Oct. 4 - Toyota says an illegal three-day strike at its South African manufacturing plant in Durban is over but with an ongong mining crisis the country's image as an investment oppotunity is taking a battering. Sonia Legg report.
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Relief for Toyota as striking South African workers agree to return to work.
The illegal action halted production for three days.
Leo Kok is a company spokesman.
(SOUNDBITE) ( English) TOYOTA SPOKESPERSON LEO KOK SAYING:
"In terms of the impact we are running at current capacity so we have to catch back on the lost production we all have to work overtime and will be discussed it with the our staff, and one has to consider that we 58 export clients, 58 countries that export our vehicles to, and it is very important to the image and for agreements we resolve and fill those orders as soon as possible."
The strike set alarm bells ringing in a country still struggling to deal with widespread illegal action by miners.
75,000 platinum, gold and coal miners - a sixth of the industry's workforce in the country - continue to hold out for better pay and conditions.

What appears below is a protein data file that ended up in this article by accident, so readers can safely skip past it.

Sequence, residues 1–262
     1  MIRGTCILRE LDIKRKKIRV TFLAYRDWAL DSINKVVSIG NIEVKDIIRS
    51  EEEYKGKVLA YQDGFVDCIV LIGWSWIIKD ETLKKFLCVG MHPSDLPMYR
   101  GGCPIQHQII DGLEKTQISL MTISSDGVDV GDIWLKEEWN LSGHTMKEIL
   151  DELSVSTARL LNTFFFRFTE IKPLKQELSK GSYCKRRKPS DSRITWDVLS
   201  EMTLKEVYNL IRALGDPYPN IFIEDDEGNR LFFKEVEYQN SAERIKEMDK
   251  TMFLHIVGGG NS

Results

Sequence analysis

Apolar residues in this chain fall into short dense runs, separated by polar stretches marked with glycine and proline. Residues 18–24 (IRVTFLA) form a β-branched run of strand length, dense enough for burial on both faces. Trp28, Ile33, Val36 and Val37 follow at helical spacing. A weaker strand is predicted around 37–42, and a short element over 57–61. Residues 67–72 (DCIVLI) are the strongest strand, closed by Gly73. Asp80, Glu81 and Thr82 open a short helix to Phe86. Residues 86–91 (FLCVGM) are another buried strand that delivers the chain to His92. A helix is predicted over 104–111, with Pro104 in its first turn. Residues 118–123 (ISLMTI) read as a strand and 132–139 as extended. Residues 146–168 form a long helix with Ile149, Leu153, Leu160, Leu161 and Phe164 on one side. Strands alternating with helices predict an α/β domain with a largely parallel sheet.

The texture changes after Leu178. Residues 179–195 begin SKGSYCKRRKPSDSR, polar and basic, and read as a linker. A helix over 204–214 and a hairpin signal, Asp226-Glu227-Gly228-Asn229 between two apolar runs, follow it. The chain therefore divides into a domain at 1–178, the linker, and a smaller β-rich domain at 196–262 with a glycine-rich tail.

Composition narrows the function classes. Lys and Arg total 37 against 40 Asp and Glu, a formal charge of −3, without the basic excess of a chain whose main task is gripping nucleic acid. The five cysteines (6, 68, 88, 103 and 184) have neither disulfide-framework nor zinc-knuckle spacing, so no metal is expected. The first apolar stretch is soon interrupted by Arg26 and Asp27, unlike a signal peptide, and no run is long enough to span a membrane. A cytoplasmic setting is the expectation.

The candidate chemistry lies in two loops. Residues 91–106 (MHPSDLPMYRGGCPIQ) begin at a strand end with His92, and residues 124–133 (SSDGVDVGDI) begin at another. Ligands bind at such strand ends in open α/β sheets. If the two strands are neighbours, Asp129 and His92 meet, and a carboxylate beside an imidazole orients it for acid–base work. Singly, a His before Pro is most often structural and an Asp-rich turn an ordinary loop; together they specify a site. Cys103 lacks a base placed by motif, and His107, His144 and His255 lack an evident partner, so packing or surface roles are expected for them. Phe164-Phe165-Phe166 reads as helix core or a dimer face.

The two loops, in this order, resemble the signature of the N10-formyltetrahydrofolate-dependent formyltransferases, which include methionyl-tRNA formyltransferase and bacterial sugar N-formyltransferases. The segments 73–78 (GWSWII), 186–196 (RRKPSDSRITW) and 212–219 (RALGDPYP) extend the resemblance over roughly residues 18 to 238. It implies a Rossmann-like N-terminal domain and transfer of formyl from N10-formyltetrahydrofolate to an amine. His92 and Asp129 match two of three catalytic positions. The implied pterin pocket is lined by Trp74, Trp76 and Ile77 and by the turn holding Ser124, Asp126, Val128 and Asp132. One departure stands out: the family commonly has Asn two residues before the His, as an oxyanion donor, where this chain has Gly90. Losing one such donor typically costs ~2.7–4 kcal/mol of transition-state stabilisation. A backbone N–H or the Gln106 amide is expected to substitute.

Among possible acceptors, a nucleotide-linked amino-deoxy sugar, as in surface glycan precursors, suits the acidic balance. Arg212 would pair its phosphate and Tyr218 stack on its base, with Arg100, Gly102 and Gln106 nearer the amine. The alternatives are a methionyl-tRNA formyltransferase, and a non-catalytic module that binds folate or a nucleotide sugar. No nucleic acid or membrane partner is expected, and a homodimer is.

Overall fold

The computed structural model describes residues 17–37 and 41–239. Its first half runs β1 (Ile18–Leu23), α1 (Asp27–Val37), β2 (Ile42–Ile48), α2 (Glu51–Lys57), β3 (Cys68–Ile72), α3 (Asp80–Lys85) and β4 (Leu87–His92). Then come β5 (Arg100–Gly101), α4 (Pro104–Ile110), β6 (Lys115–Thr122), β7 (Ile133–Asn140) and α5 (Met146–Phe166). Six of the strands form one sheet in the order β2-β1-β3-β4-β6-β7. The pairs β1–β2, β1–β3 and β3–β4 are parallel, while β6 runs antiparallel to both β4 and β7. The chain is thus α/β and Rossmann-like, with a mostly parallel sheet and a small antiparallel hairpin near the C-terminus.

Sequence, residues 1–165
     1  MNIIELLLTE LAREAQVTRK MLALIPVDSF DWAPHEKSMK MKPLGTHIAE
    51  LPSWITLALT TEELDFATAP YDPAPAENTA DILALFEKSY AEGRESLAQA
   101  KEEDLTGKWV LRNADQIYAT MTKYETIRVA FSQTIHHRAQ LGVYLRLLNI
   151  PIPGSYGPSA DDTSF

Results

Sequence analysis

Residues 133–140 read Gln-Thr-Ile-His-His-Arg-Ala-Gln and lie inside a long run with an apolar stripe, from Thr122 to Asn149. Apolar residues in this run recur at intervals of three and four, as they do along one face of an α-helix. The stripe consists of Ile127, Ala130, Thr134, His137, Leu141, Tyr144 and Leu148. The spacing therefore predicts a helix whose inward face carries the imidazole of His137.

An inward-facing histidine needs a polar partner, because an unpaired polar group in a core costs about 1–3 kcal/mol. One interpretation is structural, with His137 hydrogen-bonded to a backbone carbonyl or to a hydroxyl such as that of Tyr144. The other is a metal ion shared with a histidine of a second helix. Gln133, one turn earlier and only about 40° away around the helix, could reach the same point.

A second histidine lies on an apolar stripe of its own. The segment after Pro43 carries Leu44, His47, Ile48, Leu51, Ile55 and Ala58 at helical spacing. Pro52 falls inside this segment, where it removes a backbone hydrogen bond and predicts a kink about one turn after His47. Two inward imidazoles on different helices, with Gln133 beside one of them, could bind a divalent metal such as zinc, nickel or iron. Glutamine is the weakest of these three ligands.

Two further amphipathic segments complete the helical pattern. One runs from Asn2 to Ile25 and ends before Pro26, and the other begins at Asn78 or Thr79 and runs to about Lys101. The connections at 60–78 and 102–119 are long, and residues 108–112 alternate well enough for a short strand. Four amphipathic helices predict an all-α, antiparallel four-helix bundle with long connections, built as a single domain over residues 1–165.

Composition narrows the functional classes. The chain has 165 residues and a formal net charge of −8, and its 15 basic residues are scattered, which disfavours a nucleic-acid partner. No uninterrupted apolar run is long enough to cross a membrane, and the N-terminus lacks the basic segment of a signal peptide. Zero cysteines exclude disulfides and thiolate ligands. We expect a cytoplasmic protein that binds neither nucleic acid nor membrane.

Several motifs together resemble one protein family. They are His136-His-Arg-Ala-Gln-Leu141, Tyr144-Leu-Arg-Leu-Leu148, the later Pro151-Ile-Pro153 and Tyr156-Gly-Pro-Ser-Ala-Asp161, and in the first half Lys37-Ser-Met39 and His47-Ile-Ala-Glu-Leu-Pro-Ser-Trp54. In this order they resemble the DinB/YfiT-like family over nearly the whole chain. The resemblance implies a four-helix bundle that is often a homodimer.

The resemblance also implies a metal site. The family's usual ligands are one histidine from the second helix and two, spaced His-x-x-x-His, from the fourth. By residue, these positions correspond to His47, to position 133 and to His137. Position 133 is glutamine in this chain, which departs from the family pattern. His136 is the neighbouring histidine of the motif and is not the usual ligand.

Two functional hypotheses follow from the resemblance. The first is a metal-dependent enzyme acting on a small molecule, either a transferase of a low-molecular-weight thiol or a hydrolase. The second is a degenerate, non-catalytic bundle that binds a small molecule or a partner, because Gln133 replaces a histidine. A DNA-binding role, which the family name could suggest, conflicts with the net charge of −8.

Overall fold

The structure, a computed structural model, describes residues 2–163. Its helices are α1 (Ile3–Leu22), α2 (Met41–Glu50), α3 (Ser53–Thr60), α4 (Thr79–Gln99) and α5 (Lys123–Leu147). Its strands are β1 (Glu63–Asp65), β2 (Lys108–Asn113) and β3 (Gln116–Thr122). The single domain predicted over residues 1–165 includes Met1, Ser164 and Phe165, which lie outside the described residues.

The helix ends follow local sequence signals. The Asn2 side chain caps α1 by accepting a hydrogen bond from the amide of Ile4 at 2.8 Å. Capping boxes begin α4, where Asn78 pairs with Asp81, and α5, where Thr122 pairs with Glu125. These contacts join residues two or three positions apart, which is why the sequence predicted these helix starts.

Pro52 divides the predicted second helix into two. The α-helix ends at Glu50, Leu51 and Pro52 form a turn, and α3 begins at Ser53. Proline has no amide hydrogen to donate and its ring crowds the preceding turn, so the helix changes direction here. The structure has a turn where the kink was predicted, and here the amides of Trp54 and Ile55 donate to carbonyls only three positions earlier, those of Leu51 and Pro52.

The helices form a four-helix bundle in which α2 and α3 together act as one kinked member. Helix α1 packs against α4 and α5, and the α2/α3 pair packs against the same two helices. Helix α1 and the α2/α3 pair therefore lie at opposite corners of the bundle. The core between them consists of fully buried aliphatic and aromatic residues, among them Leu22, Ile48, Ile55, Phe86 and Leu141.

A truckers' strike too has been causing widespread disruption.
And many fear there could be long term damage to South Africa's image.
Laone Sharp is a labour analyst.
(SOUNDBITE) ( English) LABOUR ANALYST LAONE SHARP SAYING:
"This strike have terrible disruptive effect operation particularly for our automative manufactures who have very integrated supply chain, and they largely under export contracts to the rest of the world this kind of distribution put all those contracts at risk and certainly South Africa has become less favoured from employer and employee conflict, so companies who would be otherwise considering locating their operation to South Africa have second thoughts about doing so."
A crisis may have been averted in Durban.
But foreign investors will be looking closely at South Africa in the coming weeks.
Mining companies may struggle to find alternative locations - but motor manufacturers may not .
Sonia Legg, Reuters.
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